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Patient Prism's Dental Expert Blog

Get valuable viewpoints from dental professionals
to help illuminate the way forward

Dentists are having to figure out how to do business in ways they never imagined. One of the biggest challenges has been figuring out how to operate while under a stay-at-home order because of COVID-19.

Kristine Berry, RDH, is the founder of Getting It Done Remotely. She talked with Patient Prism CEO Amol Nirgudkar about the right tools, infrastructure and skills needed to run a dental practice with a remote team.


She also wrote a guide for dentists on how to lead remote teams. Click here to download it.


Identify Dental Services & Jobs That Can Be Done From Home

Teledentistry: Dentists are investigating teledentistry services that allow them to perform virtual consultations for emergency dental patients. Click on each company name to learn more about these options: The TeleDentists, TeleDent, Simplifeye CONNECT, PatientPop TeleHealth. 

Dental Professional Jobs: Anyone who has the ability to log in to HIPAA-compliant software from a home office or laptop can work remotely during this time. Some positions that may be able to work remotely with the proper equipment and HIPAA-compliance include:

  • Practice managers
  • Receptionists / Appointment schedulers
  • Insurance coordinators
  • A/R Collections & Billing representatives
  • Marketing team members
  • Regional managers / district managers
  • Dental consultants


Now’s a great time to review job descriptions and update them to meet the evolving needs of each position.


Identify the Tools & Training Needed for Remote Teams

When working remotely, it is vital for team members to have a clear understanding of human resources (hours, breaks, levels of connection), operational policies, network security and processes and technology. Although some dentists may want to let employees use their own devices, there are many cyber security and HIPAA concerns with unmitigated network access and device usage. All healthcare providers still need to follow the guidelines for HIPAA and PHI (Personal Health Information) and it’s more important than ever to make sure there are no security breaches.

Checklist for working from home:

  • Cybersecurity software
  • A dedicated workspace
  • PC/Laptop & computer supplies: cords and chargers, surge protector bars, extra ink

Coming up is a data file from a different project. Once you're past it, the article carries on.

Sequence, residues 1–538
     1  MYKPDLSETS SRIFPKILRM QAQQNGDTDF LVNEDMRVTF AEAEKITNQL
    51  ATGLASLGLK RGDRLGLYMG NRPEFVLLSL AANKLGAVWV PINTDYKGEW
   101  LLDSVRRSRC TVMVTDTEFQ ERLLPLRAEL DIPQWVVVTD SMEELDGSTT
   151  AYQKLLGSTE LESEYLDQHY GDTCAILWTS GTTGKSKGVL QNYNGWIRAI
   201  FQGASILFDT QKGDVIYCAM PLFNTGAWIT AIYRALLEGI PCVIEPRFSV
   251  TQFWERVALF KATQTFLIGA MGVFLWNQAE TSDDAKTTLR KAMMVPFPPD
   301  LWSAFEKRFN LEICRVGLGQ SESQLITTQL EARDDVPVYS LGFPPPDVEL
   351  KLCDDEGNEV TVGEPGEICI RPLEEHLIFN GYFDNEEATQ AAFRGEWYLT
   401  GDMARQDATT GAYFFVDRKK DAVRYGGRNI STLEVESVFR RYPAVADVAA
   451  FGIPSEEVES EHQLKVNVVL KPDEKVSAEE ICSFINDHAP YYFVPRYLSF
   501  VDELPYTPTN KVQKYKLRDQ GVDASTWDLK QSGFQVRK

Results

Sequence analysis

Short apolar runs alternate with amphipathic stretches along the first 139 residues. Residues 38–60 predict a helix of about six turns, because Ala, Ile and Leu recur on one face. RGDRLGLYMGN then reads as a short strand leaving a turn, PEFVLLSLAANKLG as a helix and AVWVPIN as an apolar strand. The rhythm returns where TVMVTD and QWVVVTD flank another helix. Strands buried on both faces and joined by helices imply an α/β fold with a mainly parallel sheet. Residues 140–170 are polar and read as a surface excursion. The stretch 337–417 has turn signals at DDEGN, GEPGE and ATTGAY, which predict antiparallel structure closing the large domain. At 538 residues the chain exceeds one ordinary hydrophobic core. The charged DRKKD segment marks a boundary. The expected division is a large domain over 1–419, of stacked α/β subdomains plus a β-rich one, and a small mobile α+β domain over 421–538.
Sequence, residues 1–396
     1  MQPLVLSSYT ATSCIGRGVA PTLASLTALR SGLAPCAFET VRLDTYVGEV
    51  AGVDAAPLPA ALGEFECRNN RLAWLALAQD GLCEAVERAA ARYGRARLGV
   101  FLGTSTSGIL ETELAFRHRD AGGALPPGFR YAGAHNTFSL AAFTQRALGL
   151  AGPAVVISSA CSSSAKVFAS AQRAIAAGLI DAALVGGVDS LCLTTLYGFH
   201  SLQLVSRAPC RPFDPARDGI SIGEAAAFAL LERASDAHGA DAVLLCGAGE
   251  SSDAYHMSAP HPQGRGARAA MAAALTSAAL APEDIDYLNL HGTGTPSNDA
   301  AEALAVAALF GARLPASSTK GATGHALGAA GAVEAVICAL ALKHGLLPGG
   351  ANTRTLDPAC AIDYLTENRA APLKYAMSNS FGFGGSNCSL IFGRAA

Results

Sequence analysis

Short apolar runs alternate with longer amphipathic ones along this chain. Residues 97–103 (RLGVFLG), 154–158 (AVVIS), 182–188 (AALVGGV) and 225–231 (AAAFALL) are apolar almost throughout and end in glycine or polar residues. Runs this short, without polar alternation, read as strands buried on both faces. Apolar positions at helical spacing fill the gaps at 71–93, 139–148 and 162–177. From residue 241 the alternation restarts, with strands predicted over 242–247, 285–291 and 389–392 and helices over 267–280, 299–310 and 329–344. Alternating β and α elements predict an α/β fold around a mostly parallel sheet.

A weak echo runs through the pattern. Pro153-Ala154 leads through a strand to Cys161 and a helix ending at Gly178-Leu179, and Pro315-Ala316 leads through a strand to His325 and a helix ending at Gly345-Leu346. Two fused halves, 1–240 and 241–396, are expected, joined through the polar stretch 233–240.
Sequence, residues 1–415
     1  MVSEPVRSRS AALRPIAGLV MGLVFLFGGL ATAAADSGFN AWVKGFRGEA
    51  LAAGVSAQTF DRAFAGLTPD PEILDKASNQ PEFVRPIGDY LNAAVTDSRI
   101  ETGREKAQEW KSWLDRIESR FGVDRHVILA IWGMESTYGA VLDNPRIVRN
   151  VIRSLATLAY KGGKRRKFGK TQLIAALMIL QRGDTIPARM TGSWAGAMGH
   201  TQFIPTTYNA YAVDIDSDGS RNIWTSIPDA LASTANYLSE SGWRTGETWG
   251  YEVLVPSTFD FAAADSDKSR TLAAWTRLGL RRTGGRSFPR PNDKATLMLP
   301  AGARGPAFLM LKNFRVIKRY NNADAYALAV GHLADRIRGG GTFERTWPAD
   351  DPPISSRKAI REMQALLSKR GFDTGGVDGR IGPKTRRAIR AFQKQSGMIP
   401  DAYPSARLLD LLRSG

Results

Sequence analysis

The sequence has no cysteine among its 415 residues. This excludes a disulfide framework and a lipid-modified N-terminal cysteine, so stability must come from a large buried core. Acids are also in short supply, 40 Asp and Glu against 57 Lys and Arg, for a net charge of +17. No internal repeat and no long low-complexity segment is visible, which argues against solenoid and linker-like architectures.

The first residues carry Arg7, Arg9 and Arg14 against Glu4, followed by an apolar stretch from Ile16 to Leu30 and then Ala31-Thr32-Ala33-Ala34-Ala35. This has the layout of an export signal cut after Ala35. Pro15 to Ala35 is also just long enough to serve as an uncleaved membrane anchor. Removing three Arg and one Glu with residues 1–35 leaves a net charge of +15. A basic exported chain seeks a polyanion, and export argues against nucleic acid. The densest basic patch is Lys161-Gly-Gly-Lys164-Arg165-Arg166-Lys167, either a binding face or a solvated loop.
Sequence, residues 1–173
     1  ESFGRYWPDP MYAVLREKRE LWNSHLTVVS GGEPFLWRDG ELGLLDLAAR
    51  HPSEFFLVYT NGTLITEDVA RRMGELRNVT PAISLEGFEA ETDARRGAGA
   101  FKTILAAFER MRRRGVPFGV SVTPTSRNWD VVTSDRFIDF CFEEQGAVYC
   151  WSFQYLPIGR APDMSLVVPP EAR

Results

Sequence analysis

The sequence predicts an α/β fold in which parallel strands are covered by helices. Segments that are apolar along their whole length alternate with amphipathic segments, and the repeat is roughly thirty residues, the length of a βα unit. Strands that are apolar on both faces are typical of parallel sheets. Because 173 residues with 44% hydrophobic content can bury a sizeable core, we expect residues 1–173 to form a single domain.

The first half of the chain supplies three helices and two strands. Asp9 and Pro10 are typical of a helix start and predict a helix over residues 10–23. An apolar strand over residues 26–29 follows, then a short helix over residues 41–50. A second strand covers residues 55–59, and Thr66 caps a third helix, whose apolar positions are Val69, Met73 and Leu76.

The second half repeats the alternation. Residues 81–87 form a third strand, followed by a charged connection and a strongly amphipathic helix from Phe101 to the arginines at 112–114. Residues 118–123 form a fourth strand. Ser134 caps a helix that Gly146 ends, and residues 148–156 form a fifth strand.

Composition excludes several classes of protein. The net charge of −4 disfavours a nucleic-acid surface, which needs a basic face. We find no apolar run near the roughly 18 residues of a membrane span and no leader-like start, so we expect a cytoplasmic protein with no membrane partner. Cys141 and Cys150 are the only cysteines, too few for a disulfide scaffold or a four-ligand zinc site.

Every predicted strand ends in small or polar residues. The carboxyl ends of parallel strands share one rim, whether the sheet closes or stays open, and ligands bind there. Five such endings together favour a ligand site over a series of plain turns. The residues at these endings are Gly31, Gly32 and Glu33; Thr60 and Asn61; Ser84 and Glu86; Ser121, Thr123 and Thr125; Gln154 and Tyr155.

• Smartphone
  • Good lighting
  • An ergonomically-comfortable chair
  • High Speed Internet Connection
  • VoIP or softphone
  • Ability to remotely access network
  • Web cam (internal/external)
  • Printer/Scanner (optional)

Virtual Collaboration and Communication Tools:

Video conferencing services like Zoom, Webex, GoToMeeting and Fuze are easy to use. No matter which one you choose, make sure all team members take the online training classes so they know how to correctly set up their accounts and enable protections like password-protected meetings.

Applications like Slack Chat, Whatsapp, and Skype are popular ways to communicate.

File Sharing: The best choice would be a virtual private network (VPN) that allows remote access into the dental practice’s computer system. Less secure methods include Dropbox and Google Drive. Check with your legal representative to confirm there are no HIPAA restrictions. 


Best Practices for Remote Teams


Non-verbal communication is just as important in virtual meetings as it is in face-to-face meetings.  Because of that, let everyone on the team know your expectations for having web cameras turned on. Seeing people creates camaraderie and a sense of personal connection. 

Establish Work and Meeting Schedules:

Let people know when they are expected to be online, what they are expected to accomplish, how they will report that information, and when you will be having online meetings. If you always started the day with a morning huddle, then you may want to continue that tradition via a video conferencing service. It’s important to hold people accountable for getting the work done, just as you would in-office.

Professional Attire:

If webcams will be on, then set expectations for how people should dress. Should they follow the same professional standards that you have for in-office work? 

Create time for fun:

Everyone is incredibly stressed out. Working at home can lead to a feeling of isolation and not being connected to the entire team anymore. Starting meetings and calls by asking how everyone is doing or hosting a “virtual lunch” where people can just chit-chat like they used to do in the breakroom can be very valuable in maintaining personal relationships.


Additional Resources

To learn the top mistakes that new work-from-home people make, click here.

For more interviews with dental industry leaders, COVID-19 resources, and training materials for your team, visit Academy.PatientPrism.com

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